Tom Coburn : biography
Thomas Allen "Tom" Coburn (born March 14, 1948) is a United States Senator, medical doctor and Southern Baptist deacon. A member of the Republican Party, he is the junior senator from Oklahoma.
Coburn was elected to the U.S. House of Representatives in 1994 as part of the Republican Revolution. He upheld his campaign pledge to serve no more than three consecutive terms and did not run for re-election in 2000. In 2004, he returned to political office with a successful run for the U.S. Senate. Coburn was re-elected to a second term in 2010 and has pledged not to seek a third term in 2016.
Coburn is a fiscal and social conservative, known for his opposition to deficit spending and pork barrel projects and for his leadership in the pro-life movement. He supports term limits, gun rights and the death penalty and opposes gay marriage. In the Senate, he is known as "Dr. No" for his tendency to place holds on and vote against bills he views as unconstitutional.
In 1994, Coburn ran for the House of Representatives in Oklahoma's Democratic 2nd Congressional District, which was based in Muskogee and included 22 counties in northeastern Oklahoma. Coburn initially expected to face eight-term incumbent Mike Synar. However, Synar was defeated in a runoff for the Democratic nomination by a 71-year-old retired principal, Virgil Cooper. According to Coburn's 2003 book, Breach of Trust: How Washington Turns Outsiders Into Insiders, Coburn and Cooper got along well, since both were opposed to the more liberal Synar. The general election was cordial, since both men knew that Synar would not return to Washington regardless of the outcome. Coburn won by a 52%–48% margin, becoming the first Republican to represent the district since 1921.
Coburn was one of the most conservative members of the House. He supported "reducing the size of the federal budget," wanted to make abortion illegal and supported the proposed television V-chip legislation.
Despite representing a heavily Democratic district and President Bill Clinton's electoral dominance therein, Coburn was easily reelected in 1996, as well as in 1998.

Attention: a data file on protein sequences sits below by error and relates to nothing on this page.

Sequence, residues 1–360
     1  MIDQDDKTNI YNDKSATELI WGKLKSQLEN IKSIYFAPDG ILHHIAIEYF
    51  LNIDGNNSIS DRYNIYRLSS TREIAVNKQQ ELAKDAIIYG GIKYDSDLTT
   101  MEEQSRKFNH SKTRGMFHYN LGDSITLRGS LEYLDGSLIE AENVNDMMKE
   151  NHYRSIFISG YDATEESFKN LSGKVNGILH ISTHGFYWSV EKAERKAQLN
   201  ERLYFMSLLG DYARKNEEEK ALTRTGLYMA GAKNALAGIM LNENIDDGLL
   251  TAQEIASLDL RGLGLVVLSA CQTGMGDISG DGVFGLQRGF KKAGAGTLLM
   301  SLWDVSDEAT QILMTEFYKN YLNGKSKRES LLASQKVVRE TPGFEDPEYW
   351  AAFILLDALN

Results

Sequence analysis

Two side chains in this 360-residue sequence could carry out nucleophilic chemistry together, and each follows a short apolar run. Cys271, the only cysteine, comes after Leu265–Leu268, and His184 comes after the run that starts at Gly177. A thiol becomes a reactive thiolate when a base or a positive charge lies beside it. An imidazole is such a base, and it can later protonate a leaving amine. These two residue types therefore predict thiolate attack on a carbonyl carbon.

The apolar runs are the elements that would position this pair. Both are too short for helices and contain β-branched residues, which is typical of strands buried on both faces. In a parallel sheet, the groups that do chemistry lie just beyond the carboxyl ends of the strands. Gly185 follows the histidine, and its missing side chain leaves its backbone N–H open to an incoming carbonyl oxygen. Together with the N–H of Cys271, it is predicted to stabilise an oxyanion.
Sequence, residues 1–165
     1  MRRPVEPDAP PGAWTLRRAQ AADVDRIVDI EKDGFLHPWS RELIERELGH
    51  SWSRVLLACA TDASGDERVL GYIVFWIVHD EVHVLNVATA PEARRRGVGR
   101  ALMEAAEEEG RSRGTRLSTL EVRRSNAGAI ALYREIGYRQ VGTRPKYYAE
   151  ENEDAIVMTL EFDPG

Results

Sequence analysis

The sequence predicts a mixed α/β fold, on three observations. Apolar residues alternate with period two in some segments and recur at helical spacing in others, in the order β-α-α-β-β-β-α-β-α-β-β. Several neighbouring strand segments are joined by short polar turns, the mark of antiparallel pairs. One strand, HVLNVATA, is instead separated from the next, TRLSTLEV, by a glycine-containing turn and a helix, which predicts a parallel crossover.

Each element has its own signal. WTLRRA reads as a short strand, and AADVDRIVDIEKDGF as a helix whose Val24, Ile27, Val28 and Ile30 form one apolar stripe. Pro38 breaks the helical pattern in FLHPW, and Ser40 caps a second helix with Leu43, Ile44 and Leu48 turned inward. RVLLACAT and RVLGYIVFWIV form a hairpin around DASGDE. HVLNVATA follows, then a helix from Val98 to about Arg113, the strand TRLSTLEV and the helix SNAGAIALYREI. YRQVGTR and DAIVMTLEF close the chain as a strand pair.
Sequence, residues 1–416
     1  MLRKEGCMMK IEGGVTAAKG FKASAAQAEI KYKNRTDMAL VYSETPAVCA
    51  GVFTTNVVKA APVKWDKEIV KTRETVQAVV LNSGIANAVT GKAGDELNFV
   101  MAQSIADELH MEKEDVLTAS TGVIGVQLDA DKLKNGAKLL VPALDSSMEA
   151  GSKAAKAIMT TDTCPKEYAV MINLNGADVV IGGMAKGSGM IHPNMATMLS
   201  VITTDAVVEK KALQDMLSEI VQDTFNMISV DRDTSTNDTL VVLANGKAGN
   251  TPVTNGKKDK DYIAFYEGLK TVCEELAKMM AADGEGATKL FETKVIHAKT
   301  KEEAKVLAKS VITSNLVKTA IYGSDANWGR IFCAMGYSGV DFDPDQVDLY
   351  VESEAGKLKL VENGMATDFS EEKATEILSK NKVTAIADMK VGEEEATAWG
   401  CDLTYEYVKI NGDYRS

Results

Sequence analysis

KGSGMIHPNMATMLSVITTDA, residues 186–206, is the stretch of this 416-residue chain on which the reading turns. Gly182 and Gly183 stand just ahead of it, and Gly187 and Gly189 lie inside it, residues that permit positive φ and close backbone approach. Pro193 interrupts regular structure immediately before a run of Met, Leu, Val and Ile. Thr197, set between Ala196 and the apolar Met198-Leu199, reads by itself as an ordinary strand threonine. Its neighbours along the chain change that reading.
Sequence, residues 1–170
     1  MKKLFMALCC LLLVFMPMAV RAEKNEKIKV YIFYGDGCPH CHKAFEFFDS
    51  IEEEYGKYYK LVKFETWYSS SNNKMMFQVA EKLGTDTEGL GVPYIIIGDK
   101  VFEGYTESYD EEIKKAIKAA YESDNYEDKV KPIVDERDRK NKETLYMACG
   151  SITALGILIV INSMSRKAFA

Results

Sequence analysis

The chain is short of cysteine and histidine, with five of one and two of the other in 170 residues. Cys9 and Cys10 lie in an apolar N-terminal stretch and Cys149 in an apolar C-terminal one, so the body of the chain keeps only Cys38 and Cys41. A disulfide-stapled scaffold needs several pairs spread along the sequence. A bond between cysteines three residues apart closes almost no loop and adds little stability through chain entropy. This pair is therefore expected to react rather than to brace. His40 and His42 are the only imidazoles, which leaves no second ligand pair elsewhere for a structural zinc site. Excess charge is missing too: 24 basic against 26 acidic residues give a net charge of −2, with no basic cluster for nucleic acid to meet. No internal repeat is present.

In the House, Coburn earned a reputation as a political maverick due to his frequent battles with House Speaker Newt Gingrich. Most of these stand-offs stemmed from his belief that the Republican caucus was moving toward the political center and away from the more conservative Contract With America policy proposals that had brought the Republicans into power in Congress in 1994 for the first time in 40 years.
Coburn endorsed conservative activist and former diplomat Alan Keyes in the 2000 Republican presidential primaries. Coburn retired from Congress in 2001, fulfilling his pledge to serve no more than three terms in the House. His congressional district returned to the Democratic fold, as attorney Brad Carson easily defeated a Republican endorsed by Coburn. After leaving the House and returning to private medical practice, Coburn wrote Breach of Trust, with ghostwriter John Hart, about his experiences in Congress. The book detailed Coburn's perspective on the internal Republican Party debates over the Contract With America and displayed his disdain for career politicians. Some of the figures he criticized (such as Gingrich) were already out of office at the time of the book's publishing, but others (such as former House Speaker Dennis Hastert) remained influential in Congress, which resulted in speculation that some congressional Republicans wanted no part of Coburn's return to politics.
During his tenure in the House, Coburn wrote and passed far-reaching legislation. These include laws to expand seniors' health care options, to protect access to home health care in rural areas and to allow Americans to access cheaper medications from Canada and other nations. Coburn also wrote a law intended to prevent the spread of AIDS to infants. The Wall Street Journal said about the law, "In 10 long years of AIDS politics and funding, this is actually the first legislation to pass in this country that will rescue babies." He also wrote a law to renew and reform federal AIDS care programs. In 2002, President George W. Bush chose Coburn to serve as co-chair of the President's Advisory Council on HIV/AIDS (PACHA).
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